Wright said he soon learned from police that Binion was dead from possible self-inflicted wounds and that Murphy was inside the house.
He said his first instinct was to offer his card to Murphy through a police officer. He told the officer to “give that to her and let her know that there was a friend available.”
Murphy was soon taken to a nearby hospital.
“She was crying and seemed hysterical to me,” Wright said.
Wright and Tabish later drove to the hospital after the Montana entrepreneur became concerned that police were trying to interrogate her.
After the two men arrived, Murphy was released into the care of Janice Tanno, a friend and neighbor. Authorities feared she might try to hurt herself.
Instead of leaving with Tanno, however, Murphy went immediately to Tabish’s black Mercedes, Wright told jurors.
He said Murphy, who had been crying and hyperventilating just 15 minutes earlier, no longer seemed as upset, and was conversing with Tabish.
“She was talking about the house and property and she wanted to go home,” Wright said.
But Murphy couldn’t go back to the house she had shared with Binion for more than three years, because it was now under control of a public administrator whose job was to protect the estate from robbery.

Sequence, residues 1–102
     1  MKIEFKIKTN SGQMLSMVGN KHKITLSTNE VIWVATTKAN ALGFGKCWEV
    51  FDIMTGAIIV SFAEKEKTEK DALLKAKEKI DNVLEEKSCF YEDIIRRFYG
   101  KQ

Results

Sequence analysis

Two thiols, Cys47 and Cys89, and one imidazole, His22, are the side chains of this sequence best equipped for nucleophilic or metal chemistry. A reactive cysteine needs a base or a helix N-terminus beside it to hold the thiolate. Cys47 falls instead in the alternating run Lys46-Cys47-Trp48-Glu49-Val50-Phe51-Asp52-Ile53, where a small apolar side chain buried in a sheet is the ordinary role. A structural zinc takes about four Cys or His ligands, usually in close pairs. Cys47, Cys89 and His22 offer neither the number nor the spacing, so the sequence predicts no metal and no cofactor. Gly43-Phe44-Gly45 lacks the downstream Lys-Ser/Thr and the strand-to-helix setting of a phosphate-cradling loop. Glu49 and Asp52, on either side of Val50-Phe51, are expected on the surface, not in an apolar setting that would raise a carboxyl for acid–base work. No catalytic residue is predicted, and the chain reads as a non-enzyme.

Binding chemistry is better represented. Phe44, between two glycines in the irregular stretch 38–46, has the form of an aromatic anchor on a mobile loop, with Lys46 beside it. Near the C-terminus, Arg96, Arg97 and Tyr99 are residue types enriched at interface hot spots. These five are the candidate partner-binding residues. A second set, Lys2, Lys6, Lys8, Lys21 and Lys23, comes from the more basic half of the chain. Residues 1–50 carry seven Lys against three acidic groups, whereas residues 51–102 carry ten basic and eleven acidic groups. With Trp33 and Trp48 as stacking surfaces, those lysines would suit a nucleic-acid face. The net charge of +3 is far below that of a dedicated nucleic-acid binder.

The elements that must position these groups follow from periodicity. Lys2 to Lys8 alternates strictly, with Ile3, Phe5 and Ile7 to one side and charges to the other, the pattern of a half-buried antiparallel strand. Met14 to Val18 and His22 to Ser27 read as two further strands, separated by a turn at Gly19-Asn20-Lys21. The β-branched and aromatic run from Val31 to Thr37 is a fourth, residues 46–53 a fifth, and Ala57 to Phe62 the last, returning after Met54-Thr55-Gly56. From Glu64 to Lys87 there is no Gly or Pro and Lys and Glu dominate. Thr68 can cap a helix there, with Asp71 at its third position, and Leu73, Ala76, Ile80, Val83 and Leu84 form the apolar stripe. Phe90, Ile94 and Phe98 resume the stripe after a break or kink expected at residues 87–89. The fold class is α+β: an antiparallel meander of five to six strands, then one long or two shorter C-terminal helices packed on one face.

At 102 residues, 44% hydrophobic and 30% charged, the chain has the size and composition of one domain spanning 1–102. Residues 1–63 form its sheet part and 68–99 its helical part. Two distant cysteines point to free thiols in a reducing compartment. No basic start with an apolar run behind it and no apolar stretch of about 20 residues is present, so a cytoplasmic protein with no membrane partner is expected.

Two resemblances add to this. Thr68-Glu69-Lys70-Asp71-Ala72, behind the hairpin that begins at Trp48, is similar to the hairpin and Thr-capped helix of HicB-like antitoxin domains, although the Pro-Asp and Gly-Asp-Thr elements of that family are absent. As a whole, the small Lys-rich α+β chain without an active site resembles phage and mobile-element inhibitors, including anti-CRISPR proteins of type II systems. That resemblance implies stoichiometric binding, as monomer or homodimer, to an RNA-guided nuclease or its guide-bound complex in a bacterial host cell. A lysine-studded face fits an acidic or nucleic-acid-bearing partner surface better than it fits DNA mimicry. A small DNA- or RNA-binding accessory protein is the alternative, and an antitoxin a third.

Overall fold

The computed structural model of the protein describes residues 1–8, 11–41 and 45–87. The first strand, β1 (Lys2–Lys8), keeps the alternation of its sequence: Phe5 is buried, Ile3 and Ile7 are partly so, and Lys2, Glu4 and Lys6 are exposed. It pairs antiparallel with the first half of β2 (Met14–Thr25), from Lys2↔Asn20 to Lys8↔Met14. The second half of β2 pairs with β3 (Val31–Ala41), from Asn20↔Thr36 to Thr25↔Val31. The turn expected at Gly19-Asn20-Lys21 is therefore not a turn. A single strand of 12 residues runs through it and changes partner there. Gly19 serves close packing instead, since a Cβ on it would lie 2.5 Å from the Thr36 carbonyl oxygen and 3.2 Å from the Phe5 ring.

After offering to take her to the Desert Inn to keep her away from the media, Wright said Tabish made a comment that seemed out of place less than three hours after Binion died. “I will get you your favorite kind of ice cream,” Tabish told Murphy, according to Wright. Calling Tabish’s subsequent arrest for attempting to remove Binion’s silver collection from the vault the last straw, Wright said he hired investigator Dillard on the day of Binion’s funeral because he reluctantly suspected the pair of foul play, though he wanted to believe otherwise. “I wanted a thorough investigation as to the cause of Ted Binion’s death,” Wright said. “I wanted him to prove or disprove whether Rick Tabish or Sandra Murphy had involvement in causing Ted Binion’s death. I told him I hoped that they did not.” Murphy and Tabish face 20 years to life if convicted. Court TV Extra is streaming the trail live on the Web.